and type of measurements and interval between measurements optimized for each machine considering service, historic
reliability and the probability, cost and consequences of a failure. All too often the program, number and type of
measurements and interval between measurements recommended by suppliers and consultants grossly exceed
requirements and are too costly for effective, routine monitoring of fundamentally sound and reliable equipment.
Profit centered maintenance is reality and makes a clear and powerful statement of commitment to overall
organizational objectives -- objectives that are paramount to senior management.

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Terms such as availability and reliability centered maintenance may be intended to represent an optimized maintenance
process. However, both imply that equipment condition and the maintenance process have precedence over other
functions.
Most will agree that the availability and reliability of operating equipment are, in general, directly related to load.
Partial load operation places less stress on components. Equipment operating at partial load will typically operate
longer and experience fewer problems than equipment operated continuously at or close to full load. However, does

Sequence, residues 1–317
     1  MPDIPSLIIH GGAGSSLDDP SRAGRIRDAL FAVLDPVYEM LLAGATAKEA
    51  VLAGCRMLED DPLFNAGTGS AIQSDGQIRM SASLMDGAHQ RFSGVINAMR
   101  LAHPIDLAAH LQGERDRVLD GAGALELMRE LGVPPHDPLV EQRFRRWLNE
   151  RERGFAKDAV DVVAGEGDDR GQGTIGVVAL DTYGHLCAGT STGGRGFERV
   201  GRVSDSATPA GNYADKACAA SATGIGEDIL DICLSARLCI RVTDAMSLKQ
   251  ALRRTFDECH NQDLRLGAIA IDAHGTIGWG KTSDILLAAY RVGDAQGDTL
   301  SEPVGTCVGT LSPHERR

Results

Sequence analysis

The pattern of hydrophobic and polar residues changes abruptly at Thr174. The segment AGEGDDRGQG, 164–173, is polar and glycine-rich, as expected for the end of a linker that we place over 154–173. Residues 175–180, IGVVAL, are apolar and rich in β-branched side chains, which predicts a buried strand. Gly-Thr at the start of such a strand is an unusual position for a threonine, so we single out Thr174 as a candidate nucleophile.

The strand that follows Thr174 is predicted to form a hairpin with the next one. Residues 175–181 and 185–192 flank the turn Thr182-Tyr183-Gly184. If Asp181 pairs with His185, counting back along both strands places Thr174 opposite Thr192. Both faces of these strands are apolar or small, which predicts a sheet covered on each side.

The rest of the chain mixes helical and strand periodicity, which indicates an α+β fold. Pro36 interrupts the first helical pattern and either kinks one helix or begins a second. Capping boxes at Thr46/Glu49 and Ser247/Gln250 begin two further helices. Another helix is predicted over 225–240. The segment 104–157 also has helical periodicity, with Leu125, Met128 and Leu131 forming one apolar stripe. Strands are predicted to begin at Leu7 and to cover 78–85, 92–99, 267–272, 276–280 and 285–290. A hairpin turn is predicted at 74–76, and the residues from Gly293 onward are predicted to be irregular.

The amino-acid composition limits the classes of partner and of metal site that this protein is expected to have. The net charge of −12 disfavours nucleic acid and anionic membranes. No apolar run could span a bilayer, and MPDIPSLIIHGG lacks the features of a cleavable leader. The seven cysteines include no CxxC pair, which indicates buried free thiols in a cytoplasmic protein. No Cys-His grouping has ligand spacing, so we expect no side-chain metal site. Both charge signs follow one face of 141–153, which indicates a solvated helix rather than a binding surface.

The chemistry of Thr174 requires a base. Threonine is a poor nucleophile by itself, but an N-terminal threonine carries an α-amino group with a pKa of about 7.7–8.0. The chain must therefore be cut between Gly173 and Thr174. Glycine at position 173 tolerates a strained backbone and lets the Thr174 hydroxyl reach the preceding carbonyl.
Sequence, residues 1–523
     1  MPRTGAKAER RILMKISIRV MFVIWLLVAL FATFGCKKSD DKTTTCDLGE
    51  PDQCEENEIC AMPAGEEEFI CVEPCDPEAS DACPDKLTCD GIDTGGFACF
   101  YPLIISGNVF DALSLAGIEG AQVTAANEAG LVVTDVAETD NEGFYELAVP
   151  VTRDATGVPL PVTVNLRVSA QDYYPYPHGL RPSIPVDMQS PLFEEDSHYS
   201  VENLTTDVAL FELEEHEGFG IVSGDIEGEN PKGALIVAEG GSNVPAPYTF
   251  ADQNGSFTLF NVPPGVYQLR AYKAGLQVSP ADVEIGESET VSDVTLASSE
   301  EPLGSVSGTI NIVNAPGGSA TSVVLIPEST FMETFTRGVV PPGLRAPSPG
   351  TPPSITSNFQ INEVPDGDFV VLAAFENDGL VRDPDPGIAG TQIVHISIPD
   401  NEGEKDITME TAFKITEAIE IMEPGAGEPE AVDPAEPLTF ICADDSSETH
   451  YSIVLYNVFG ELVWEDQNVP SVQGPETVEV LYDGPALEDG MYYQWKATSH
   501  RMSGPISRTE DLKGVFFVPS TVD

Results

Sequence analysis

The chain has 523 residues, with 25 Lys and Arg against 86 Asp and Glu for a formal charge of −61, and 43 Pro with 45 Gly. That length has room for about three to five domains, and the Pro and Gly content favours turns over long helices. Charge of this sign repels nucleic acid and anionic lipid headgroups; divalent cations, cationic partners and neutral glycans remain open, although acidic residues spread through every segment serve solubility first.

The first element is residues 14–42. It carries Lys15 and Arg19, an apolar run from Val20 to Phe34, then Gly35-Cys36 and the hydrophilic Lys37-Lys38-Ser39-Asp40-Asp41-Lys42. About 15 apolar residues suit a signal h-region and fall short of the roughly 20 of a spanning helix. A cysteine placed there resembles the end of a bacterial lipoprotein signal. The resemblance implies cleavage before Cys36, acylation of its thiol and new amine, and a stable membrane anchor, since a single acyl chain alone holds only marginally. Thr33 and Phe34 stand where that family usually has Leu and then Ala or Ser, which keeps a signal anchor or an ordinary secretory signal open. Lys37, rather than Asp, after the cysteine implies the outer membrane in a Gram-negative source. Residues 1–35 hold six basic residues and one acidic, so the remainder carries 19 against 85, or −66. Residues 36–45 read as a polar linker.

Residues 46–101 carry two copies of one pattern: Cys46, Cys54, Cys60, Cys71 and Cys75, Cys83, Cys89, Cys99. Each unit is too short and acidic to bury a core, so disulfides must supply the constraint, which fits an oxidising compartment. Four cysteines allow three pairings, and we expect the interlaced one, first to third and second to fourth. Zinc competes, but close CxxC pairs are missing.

anyone seriously believe that reduced production will be accepted, or even considered, because operation at less than full
load improves availability and reliability?
Likewise if reliability or availability are ultimate objectives, operating decisions should favor both over production.
Clearly, the reverse is true -- operations and production commitments always prevail over all but threats to safety and
the most obvious and extreme mechanical problems. Management is always reluctant to interrupt, or even slow
operations, particularly for an early, preemptive shutdown to avoid a later, more serious problem -- unless the facts are
compelling.
Often the added revenue derived by increasing production beyond design or rated capacity far exceeds the cost of
accelerated wear and increased mechanical problems. Under these conditions profitability dictates operating equipment
above rated load despite adverse effects on reliability.
Many additional examples can be cited to support this conclusion -- all very familiar to anyone who has faced the
constant challenges of operating complex mechanical equipment within a high value production process.
Maintenance is not centered on availability and it is not centered on reliability. Maintenance is driven by and centered on
profitability. All recognize this fact so let's use a name that unequivocally conveys our understanding and commitment
to real considerations and focus on results rather than the means to achieve results -- profit centered maintenance.
With a broad vision defined for profit centered maintenance we can look at several specifics for implementation:
Developing a Comprehensive, Profit Centered Maintenance Strategy